Northern Ireland

Coronavirus: Half of pupils not engaging remotely

Generic picture of child working on laptop Image copyright PA Media

About half of pupils in some post-primary year groups did not take part in remote learning after schools closed in March.

Some primary schools, meanwhile, said parents wanted hard copies of work due to concerns children would become "screen saturated".

That is according to an Education and Training Inspectorate (ETI) report.

Meanwhile, a scheme to provide pupils with laptops has seen demand exceed the number of available computers.

The ETI sought the views of principals and heads of departments on the challenges posed by remote learning for both pupils and schools.

It looked at approaches adopted by pre-schools, primaries, post-primaries and special schools since schools closed to almost all pupils in March.

Their report also included the plans schools were drawing up if remote learning and teaching were a significant part of the 2020/21 school year.

Image copyright PA Media
Image caption Education Minister Peter weir has previously said schools should begin to re-admit pupils on a phased basis from late August

According to recent Department of Education (DE) guidance, many pupils may only be able to attend school part-time in September.

Therefore many schools are developing "blended learning" for pupils - a mixture of in-school and remote learning.

Post-primary schools said remote learning had posed a number of challenges including:

  • Keeping pupils motivated and engaged
  • Deficiencies in access to Information Technology (IT) for some pupils
  • Connectivity issues in both rural and urban areas
  • Families where there was only one device to be shared among adults and children

"There is variation in pupil engagement with remote learning across year groups and schools," the ETI report said.

"Some pupils disengaged significantly and this gives serious cause for concern.

"There are instances of as much as half of a year group not submitting work despite staff following up with letters and phone calls home".

The report added: "This is time consuming and has not necessarily impacted positively on pupil engagement.

"There are particular concerns around pupils who require additional help and those from disadvantaged backgrounds.

"It is reported that the pupils who struggle are not necessarily asking for help".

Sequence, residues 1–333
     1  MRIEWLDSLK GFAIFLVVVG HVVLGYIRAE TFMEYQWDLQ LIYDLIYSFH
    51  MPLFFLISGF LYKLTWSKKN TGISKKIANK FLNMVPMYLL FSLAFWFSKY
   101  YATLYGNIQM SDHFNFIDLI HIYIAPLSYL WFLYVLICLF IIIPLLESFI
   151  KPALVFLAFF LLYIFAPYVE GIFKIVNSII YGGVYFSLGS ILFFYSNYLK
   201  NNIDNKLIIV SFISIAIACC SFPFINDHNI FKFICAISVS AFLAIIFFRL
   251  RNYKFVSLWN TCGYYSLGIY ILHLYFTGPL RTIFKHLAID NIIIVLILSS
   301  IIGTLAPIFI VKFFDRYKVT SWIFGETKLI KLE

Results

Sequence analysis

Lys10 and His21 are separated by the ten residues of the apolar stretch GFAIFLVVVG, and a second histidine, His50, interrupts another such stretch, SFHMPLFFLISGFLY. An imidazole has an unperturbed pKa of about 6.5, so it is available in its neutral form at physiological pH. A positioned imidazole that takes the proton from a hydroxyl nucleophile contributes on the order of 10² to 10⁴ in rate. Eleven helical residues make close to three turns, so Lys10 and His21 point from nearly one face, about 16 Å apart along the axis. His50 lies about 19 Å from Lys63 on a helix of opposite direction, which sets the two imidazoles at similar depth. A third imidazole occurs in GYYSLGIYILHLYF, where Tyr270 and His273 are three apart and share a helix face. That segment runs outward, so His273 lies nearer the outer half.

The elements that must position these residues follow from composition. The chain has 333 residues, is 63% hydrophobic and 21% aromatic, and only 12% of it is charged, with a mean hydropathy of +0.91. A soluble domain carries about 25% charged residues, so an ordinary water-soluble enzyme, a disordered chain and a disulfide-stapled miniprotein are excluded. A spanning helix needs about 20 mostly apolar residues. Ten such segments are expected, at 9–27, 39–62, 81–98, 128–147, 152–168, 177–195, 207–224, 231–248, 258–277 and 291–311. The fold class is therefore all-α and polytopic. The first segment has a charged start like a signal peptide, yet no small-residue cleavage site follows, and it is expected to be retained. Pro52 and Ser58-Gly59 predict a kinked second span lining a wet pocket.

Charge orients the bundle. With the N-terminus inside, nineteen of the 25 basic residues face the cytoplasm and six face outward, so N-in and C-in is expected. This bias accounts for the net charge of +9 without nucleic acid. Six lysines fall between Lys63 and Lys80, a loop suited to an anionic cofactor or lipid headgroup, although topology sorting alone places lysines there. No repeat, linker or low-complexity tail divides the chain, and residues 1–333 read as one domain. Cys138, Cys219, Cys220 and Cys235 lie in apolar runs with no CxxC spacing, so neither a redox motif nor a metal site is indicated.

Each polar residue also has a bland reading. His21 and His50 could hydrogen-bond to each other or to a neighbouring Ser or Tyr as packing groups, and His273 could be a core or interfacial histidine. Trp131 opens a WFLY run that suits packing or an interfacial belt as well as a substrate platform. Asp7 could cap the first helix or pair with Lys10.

Post-primary leaders also expressed concerns that arts subjects like drama and music and 'practical' subjects like science and geography could be affected most by a reduction in class teaching or group work.

Physical Education (PE) was also likely to need significant planning to enable it to go ahead.

'Screen-saturated'

Some primary school leaders, meanwhile, said they had seen a decline in children's motivation and engagement with remote learning since March.

"Schools also report increasing popularity of the provision of hard copies for parents as children become 'screen-saturated'," the ETI report said.

Some teachers were even concerned their pupils' handwriting would suffer due the amount of time they had spent online.

Image caption From August, teaching will be split between the classroom and remote learning

The ETI said many schools were planning to change their curriculum when children returned to help them cope with effects of the coronavirus pandemic.

"As they plan for the new academic year, many schools intend to use the wider curriculum areas of art, drama, music and PE as 'therapeutic' vehicles for engaging and as necessary, healing the children," the report said.

"In addition, and as much as possible, an increased element of learning will take place outdoors".

Post-primaries also said that mental health and wellbeing would need to be a core part of the curriculum.

Special schools also identified the provision of IT as a particular problem.

"Some families do not have computers or tablets, printers, or internet connection," the ETI report said.

"Schools have lent out school computers, however getting them working in homes has proved difficult in some cases."

Demand outstrips supply

Meanwhile, a DE scheme to provide about 3,000 laptops and digital devices to pupils without them has seen more demand than there are devices available,

On 21 May, Education Minister Peter Weir announced a scheme to provide digital devices to pupils.

In stage two of the scheme 4,731 requests were made from schools for devices for pupils, but only 3,644 were available.

A DE spokesperson said that another stage of the scheme was now underway.

"Stage three is underway and the department has approved a business case which the Education Authority is now progressing through procurement channels, with the aim of providing up to a further 8,000 devices in August," they said.

"Schools have been kept up to date with the process.

"It should be noted that stage two was for devices alone, stage three will also include solutions for vulnerable and disadvantaged pupils who do not have internet access at home."

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